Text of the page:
MANILA, Philippines–Ayala Land Inc. has raised P16 billion in fresh equity from a “top-up” private placement Friday night, venturing into the capital market early in the year to boost fresh funds for expansion.
Inquirer sources said ALI placed out 484.85 million common shares at a price of P33 a share or at a 5.7-percent discount to Friday’s closing price and a 3.9-percent discount to the five-day volume-weighted average prior to the deal.
The fund-raising was done through a “top-up” placement whereby controlling shareholders lent some of their shares for sale to new investors but they will subscribe to the same number of shares at the same price in the future, allowing new money to flow into the company.
Book-building for the placement was opened on Friday and completed overnight with UBS as arranger. The deal was priced at the middle of the offering price range of between P32.75 and P33.50 a share, the sources said.
“Order book was well oversubscribed with significant participation of long-only investors,” said one source. Another source said about 60 high-quality institutional investors participated in the deal, about 85 percent of which consisted of those investing for the long term.
Asked about the equity deal, a spokesperson from ALI said there was “no official disclosure regarding the matter at this time.” ALI president Bernard Vincent Dy added: “We will have a disclosure Monday (today).”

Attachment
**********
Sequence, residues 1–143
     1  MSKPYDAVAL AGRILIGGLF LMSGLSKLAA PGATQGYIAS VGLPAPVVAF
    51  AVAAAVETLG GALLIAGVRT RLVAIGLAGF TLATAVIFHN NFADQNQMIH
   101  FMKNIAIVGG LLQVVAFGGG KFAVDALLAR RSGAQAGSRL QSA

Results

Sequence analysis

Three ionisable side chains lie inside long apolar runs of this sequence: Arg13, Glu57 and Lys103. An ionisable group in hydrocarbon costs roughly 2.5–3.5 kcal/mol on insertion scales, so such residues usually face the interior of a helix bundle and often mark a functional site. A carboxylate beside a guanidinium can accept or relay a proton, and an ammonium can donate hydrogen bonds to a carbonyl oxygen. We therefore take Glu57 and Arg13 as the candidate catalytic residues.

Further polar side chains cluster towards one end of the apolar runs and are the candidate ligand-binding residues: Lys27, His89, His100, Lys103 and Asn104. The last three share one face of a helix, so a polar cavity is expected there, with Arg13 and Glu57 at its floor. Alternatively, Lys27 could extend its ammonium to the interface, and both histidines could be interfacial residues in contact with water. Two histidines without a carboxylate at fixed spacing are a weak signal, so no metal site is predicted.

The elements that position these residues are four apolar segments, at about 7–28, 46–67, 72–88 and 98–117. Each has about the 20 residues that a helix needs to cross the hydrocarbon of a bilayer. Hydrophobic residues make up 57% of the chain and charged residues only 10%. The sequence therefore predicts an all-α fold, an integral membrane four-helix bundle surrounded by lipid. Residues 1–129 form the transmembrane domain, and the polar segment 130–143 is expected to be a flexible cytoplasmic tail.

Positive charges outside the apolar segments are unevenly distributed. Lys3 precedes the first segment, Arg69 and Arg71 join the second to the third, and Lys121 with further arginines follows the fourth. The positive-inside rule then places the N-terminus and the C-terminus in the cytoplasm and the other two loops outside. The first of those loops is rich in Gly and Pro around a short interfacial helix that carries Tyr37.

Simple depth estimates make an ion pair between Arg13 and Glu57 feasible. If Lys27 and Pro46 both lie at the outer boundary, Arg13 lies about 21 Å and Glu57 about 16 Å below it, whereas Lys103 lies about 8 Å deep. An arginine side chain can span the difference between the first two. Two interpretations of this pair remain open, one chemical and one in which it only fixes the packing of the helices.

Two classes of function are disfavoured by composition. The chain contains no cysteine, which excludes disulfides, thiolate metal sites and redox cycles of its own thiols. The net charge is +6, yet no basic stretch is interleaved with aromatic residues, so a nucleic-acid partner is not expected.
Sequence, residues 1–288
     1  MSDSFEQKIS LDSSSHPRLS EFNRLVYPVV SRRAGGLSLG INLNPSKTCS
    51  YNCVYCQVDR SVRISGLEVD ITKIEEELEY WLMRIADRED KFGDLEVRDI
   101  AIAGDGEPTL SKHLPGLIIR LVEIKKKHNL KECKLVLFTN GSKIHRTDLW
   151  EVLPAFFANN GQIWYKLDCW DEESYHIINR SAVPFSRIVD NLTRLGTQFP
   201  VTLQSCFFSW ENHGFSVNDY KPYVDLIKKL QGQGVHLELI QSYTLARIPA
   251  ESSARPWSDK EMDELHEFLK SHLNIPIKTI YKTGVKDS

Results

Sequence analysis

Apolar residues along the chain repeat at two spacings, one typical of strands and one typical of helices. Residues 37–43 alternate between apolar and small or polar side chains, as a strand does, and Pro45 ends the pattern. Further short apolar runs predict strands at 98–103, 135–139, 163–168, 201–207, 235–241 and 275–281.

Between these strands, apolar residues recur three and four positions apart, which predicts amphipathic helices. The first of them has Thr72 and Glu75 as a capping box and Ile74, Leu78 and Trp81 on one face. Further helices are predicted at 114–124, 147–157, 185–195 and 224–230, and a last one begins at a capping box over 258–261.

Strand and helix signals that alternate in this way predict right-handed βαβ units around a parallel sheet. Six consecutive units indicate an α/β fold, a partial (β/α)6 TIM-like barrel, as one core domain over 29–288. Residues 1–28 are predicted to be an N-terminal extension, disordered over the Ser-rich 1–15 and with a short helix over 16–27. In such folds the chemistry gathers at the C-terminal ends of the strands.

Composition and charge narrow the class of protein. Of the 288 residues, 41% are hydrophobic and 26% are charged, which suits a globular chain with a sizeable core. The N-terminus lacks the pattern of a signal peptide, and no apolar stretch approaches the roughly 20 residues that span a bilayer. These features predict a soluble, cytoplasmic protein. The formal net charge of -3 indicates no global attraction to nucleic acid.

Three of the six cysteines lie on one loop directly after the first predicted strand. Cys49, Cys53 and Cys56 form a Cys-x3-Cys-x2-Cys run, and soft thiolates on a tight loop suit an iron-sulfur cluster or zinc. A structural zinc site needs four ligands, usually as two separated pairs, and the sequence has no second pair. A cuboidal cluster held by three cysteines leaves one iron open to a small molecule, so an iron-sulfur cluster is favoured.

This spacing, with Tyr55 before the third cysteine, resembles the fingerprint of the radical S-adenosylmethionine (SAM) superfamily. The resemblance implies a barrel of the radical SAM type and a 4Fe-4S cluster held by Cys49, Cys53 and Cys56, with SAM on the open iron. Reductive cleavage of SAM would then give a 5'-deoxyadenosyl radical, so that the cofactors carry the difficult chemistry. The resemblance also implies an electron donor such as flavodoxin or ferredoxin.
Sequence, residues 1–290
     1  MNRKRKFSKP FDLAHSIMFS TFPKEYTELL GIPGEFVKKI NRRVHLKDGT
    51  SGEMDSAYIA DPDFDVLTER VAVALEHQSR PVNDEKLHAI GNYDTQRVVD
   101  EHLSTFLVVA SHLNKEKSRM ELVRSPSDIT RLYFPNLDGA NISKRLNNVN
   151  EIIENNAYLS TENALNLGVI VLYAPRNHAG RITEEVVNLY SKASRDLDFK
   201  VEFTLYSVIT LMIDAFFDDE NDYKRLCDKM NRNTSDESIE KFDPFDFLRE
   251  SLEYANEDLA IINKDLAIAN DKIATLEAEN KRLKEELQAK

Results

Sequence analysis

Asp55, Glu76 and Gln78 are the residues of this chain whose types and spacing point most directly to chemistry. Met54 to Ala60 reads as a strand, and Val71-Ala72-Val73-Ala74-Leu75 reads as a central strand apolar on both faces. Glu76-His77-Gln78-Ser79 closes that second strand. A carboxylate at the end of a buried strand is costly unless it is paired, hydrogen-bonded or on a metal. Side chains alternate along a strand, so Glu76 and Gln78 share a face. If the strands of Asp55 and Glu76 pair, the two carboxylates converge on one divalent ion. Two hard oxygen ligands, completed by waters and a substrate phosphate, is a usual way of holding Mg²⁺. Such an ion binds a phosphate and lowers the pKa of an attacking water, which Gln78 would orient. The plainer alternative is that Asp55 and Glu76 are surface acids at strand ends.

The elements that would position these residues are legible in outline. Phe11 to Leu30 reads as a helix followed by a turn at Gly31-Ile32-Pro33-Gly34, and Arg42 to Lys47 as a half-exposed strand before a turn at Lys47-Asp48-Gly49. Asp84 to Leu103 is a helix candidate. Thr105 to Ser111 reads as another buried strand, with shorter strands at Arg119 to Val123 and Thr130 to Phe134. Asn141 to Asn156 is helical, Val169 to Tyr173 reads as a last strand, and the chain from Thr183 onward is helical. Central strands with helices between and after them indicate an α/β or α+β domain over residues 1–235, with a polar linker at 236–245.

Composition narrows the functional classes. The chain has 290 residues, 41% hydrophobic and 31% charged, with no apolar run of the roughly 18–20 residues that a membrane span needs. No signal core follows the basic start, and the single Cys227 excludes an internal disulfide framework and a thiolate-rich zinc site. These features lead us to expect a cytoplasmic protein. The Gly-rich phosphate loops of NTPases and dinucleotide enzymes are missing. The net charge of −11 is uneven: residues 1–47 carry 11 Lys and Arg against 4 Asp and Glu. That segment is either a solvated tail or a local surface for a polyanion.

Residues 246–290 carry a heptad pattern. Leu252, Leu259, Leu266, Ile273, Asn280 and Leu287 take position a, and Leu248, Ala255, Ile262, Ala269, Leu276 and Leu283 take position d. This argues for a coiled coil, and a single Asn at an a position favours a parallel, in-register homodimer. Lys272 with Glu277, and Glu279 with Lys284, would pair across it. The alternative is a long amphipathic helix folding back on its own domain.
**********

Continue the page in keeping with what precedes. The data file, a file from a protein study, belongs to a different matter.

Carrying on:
Shares of ALI bucked the local market’s overall upswing on Friday, declining by 0.71 percent to close at P35 a share. At this latest closing level, it had a market capitalization of P500.21 billion.
ALI, which has mapped out aggressive expansion plans across different market segments and geographical location, remains upbeat on the Philippine property market.
Under its new president Dy, ALI unveiled last November a program to further grow its business by 20 percent annually in the next six years, with the end-goal of breaching a net profit of P40 billion by 2020.
The 2020 goal seeks to build on the momentum of the “5-10-15” strategy—achieve P10 billion in net income and 15 percent return-on-equity (ROE) over a five-year period—set during the term of Dy’s predecessor Antonino Aquino, who retired in April last year. It is also more aggressive than many analysts’ growth expectations.
ALI spent P58.98 billion for project and capital expenditures in the first nine months of 2014, 61-percent more than the level spent during the same period in 2013. Bulk of capital expenditures in the first nine months went to project completion (65 percent of total) with the balance spent on land acquisition (35 percent).
The company was expected to have disbursed close to its target capital spending of about P70 billion in 2014.
As of end-September last year, ALI had a cash hoard of P35.71 billion. Total borrowings stood at P113.26 billion, translating to a debt-to-equity ratio of 1.09:1 and a net debt-to-equity ratio of 0.74:1. Return on equity was at 14 percent as of September 2014.
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